I’ve been asked the question countless times; why do you do it? As in, why do I run 100 milers? As in, what is it somewhere within me that can’t be satisfied by a marathon, a 50K, or even a 50 miler?It’s a question that’s as easy to answer as it is difficult.
I do it for the moment.
The moment comes without fail, each and every time. If I’m lucky, it might come more than once, but that’s been rare. I do it for a moment of sheer and undefined clarity. If I couldn’t run them “fast,” if I couldn’t place, I would still run them for that moment. But that’s the difficult part of the answer: somewhere along the way, I discovered I was somewhat good at this, and at this point in my life, I also like doing them fast.
But even then, I do it for the moment.
Now the moment itself can’t be put into words; I can’t describe to the reader or another person the precise feeling in my soul. All I can tell you is that whether it’s a breeze or a noise, a temperature or the way the air feels, or the point at which I’m moving inexplicably fast for the mileage I’ve already run, there’s this moment. There’s this moment where everything else in the entire world falls away – dissolves almost – and I’m alone in the woods. And the clarity in this moment is so deep, so moving, so profound – that it’s worth every single step to get there.
They are moments held and treasured in my heart; moments I return to when I get lost in the minutiae of daily life and need to remember who I really am.
I’ve also placed in the top 3 in three of the six 100 milers I’ve run – and let’s make no secrets about this, I’m ready to win one.
It might not happen this weekend at Burning River, but when the time is right, I’ll be ready.
This has been a tough training cycle. The heat has been the toughest part, but my confidence hasn’t been what it should. I’ve done all the work. I’ve done more than when I popped off terrific performances at Umstead and Rocky Raccoon; less than I did last summer when I went into Burning River overtrained. For the sake of numbers, a general synopsis: my official training cycle was 13 weeks. I averaged 81 miles per week, with three 100-mile weeks, two of which were back to back. I did 16 runs between 21 and 30 miles in distance, 4 runs of 30 miles or more, one 40 miler (keystone workout) and a single 50-mile day, when I paced Grandma’s Marathon, flew home, and then paced the final loop at the Mohican 100, all within 24 hours. I have done considerable heat-training, continued to adjust my nutrition based on the type of performance I’m hoping to have, and remained consistent and injury free. There is no reason whatsoever to doubt my fitness or my ability to run my goal time – except, of course, the part where I run 100 miles in August. Well, I haven’t exactly shied away from that in the past.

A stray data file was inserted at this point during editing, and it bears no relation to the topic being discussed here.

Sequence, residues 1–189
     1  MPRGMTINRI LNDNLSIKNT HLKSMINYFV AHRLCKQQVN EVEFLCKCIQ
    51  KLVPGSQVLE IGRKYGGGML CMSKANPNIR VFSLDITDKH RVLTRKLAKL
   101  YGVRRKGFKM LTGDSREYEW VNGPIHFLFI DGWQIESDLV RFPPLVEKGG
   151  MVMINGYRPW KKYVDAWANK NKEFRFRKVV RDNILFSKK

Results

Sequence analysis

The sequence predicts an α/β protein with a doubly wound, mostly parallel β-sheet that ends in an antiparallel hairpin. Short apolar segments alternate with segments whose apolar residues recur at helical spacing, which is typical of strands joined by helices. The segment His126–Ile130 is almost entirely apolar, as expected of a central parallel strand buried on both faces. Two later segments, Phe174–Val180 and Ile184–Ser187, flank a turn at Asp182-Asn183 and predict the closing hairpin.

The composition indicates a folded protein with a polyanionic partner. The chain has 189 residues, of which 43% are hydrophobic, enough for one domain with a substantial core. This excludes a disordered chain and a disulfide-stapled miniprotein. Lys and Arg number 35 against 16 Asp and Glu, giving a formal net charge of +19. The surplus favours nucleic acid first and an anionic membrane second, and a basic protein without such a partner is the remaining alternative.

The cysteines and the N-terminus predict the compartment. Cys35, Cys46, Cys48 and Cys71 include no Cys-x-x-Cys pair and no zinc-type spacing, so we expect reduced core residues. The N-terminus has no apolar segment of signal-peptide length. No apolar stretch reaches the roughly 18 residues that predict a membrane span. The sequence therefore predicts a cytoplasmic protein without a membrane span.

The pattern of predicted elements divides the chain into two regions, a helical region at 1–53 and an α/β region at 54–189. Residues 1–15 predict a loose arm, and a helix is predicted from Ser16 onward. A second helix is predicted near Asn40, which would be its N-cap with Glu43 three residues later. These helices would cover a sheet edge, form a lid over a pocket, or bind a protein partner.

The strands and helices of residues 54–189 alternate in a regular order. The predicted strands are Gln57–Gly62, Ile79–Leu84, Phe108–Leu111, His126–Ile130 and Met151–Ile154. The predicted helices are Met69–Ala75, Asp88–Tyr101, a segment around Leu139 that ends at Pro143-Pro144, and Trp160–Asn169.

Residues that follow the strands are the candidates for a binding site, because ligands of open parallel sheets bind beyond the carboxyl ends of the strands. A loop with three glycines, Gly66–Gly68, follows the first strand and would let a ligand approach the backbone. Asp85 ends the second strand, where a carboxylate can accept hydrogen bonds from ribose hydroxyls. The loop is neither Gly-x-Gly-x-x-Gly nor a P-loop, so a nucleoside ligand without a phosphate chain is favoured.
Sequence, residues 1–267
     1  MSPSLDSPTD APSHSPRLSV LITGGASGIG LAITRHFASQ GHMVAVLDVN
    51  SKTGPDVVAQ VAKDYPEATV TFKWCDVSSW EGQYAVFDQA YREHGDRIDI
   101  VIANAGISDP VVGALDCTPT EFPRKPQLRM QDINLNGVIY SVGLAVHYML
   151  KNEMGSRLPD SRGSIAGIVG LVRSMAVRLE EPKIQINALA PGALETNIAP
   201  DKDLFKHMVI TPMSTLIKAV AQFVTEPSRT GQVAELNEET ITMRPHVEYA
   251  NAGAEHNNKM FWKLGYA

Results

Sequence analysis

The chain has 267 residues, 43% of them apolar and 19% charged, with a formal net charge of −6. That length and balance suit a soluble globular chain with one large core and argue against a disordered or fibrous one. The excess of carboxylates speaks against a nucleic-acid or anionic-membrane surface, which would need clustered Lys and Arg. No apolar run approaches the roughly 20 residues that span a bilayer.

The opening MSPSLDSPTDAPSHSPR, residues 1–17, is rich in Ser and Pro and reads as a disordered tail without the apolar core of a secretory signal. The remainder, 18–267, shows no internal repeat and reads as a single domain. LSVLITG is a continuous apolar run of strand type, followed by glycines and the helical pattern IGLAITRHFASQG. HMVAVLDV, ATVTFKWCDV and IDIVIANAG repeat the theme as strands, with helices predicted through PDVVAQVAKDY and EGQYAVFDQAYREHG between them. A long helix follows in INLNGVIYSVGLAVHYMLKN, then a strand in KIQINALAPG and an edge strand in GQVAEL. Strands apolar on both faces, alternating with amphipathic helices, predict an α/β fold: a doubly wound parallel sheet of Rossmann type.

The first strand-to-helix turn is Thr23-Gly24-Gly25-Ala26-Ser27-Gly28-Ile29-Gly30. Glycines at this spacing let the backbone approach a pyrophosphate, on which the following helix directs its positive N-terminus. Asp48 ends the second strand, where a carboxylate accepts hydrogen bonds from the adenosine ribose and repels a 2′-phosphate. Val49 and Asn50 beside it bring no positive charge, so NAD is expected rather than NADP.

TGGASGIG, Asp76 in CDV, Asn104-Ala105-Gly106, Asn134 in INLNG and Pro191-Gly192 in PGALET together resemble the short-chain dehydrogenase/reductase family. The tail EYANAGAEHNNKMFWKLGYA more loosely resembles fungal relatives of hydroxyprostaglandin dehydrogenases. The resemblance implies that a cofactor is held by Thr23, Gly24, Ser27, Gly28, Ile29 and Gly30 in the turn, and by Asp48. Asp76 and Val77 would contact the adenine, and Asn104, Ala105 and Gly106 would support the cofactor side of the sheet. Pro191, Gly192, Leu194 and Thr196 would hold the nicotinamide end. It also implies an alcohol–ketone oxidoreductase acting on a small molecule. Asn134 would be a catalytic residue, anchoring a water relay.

The pace chart is done, the drop bags on paper. The nutrition is set and the outfit is chosen. Now we simply wait.
We wait for confidence. We wait first to get a spring in the step, then to go stale from four days of not running. We wait then for the nervous energy, the jitters, the excitement and exhaustion of the taper melding into an emotional mess come Friday. Then, the easiest part – because as Skinny Beast would say, “it’s just running.”
Well, kind of. It is just running, but make no mistake: I’m running for the win. That doesn’t mean it will happen, and I’ll be running from behind as I always do, but if Saturday’s the day, I’m ready.
And if Saturday isn’t the day, the moment in the woods will more than make up for it.
I struggled once with what to say to Skinny before one of his big races. I knew how well-trained he was, how prepared and ready. Saying “good luck” seemed somehow flip to me, as if merely wishing him “luck” was disrespecting the years and months and hours he’s put in. But the more I wrote, the more I realized that luck was actually all he needed. You see, those who have not prepared need more than mere “luck,” for luck cannot replace training or mental preparation, a proper nutrition plan or heat adaptation. “Luck” will not get you through those moments you want to quit for inconsequential reasons, nor can it teach you on race day that multiple rough patches can and will be overcome. But those who have prepared – those who have trained legs, mind and heart; those who have tested their nutrition, adapted to the heat, and fought through those rough patches long before race day – well, in the end, luck is really all they need. Well, luck and faith and belief and probably a couple jars of Vaseline. But “good luck,” in these matters, is actually quite a compliment.
So one last thing, Salty Readers, as I close out this week’s post to go elevate my legs, rest and carb-load.
Wish me luck.